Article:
I have a quantum state that is either $|{+}\rangle$ or it is $|{0}\rangle$, $|{1}\rangle$. Is there a way to determine this with a single measurement?

I am assuming not since $|{0}\rangle$, $|{1}\rangle$ span the whole space, but I am wondering if with the inclusion of ancillas something nice can be done.


1 Answer 1


It is not possible to unambiguously distinguish between these states. To perform unambiguous state discrimination you need states orthogonal to all but one of the states to discriminate. So for example, here you'd need the measurement to contain an operator proportional to a state orthogonal to both $|0\rangle$ and $|1\rangle$. This is clearly not possible, as there's no such state. This means for any possible measurement, for each observed outcome, you always have some ambiguity about the possible input state that caused it.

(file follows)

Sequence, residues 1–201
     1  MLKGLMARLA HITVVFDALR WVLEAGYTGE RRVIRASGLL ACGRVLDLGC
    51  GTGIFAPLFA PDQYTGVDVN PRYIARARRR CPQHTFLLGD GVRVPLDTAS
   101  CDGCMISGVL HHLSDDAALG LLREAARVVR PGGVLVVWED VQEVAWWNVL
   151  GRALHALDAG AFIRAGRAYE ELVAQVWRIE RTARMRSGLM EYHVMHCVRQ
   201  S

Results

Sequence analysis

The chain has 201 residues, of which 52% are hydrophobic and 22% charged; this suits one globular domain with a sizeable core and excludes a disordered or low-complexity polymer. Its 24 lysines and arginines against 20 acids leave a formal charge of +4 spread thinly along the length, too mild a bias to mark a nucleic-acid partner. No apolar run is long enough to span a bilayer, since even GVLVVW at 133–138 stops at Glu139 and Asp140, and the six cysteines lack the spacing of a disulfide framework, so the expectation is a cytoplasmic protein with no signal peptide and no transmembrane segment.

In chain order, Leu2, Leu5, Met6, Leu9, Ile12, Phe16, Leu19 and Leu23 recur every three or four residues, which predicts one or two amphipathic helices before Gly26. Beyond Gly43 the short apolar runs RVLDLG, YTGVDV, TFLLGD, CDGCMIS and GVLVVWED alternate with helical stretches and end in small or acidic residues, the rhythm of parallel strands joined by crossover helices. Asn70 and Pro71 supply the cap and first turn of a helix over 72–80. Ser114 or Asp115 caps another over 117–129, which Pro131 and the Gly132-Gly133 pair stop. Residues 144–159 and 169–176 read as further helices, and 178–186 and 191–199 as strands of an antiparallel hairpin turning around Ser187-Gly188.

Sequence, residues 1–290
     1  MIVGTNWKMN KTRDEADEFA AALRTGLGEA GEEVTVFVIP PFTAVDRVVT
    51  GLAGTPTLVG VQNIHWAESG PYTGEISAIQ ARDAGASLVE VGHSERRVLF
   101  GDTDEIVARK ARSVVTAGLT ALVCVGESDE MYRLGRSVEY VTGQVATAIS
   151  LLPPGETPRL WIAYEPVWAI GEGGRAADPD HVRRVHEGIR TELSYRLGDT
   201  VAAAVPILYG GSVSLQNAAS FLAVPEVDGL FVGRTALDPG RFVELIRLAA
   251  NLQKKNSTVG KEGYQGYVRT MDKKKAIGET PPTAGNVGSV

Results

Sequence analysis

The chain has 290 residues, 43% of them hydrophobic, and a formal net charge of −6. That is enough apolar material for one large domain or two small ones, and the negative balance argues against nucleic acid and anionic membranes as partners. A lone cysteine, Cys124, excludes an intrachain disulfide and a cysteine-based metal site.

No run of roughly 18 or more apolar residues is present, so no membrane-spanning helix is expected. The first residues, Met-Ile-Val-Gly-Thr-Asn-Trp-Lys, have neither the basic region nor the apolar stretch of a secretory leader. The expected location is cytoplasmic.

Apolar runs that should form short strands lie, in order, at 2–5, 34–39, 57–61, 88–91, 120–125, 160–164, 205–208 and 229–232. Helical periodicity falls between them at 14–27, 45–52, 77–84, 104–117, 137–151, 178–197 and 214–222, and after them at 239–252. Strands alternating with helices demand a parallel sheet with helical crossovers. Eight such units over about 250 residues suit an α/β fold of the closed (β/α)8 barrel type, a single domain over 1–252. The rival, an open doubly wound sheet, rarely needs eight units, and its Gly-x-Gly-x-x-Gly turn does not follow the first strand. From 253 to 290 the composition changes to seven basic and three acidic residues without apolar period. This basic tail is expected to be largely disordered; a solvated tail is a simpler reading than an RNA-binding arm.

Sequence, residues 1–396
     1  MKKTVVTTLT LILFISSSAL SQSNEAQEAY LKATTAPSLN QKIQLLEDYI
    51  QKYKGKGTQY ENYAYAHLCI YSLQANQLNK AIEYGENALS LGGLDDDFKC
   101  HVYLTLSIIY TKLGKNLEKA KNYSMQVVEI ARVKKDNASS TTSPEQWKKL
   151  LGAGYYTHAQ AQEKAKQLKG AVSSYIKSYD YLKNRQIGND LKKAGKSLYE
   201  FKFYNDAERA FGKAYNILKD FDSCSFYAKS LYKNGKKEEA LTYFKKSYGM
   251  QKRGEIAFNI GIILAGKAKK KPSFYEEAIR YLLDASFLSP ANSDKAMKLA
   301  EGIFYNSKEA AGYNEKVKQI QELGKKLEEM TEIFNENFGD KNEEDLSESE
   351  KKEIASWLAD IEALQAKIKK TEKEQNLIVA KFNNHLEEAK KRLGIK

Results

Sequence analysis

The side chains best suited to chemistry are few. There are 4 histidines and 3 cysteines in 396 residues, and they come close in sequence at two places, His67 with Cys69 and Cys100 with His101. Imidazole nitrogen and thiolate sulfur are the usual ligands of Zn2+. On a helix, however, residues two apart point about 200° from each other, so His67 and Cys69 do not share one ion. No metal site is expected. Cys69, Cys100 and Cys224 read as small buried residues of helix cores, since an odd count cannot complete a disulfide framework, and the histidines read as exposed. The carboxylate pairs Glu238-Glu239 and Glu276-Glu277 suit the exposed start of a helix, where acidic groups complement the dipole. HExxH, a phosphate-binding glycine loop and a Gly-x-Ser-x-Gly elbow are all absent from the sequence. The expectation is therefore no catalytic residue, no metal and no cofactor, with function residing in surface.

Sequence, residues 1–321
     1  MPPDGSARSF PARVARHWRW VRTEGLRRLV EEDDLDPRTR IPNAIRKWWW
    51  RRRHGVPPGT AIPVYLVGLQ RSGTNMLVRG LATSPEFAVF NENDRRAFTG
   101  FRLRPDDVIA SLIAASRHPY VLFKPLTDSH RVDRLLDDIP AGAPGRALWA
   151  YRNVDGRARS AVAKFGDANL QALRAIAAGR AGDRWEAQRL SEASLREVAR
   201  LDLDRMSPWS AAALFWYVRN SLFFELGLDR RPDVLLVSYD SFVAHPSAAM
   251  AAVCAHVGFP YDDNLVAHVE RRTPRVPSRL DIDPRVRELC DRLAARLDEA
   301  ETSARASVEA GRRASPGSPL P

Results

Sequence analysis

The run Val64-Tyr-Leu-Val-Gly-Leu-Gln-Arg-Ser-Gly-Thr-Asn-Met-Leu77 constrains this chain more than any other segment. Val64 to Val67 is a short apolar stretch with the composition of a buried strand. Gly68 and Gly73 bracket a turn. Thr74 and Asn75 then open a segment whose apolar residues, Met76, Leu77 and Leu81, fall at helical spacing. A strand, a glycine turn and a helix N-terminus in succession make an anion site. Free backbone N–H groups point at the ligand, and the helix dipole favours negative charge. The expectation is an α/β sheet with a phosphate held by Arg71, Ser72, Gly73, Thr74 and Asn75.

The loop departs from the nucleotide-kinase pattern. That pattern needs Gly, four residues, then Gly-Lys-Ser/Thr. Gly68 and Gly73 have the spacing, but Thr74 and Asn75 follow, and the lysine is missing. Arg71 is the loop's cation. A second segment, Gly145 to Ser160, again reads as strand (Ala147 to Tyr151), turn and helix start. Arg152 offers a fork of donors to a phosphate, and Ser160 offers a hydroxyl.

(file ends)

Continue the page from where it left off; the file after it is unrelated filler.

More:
I should say that this is however different than asking whether state discrimination is possible "with a single measurement". Even when unambiguous state discrimination is possible, a single measurement outcome is still in general not sufficient to tell which state was used.


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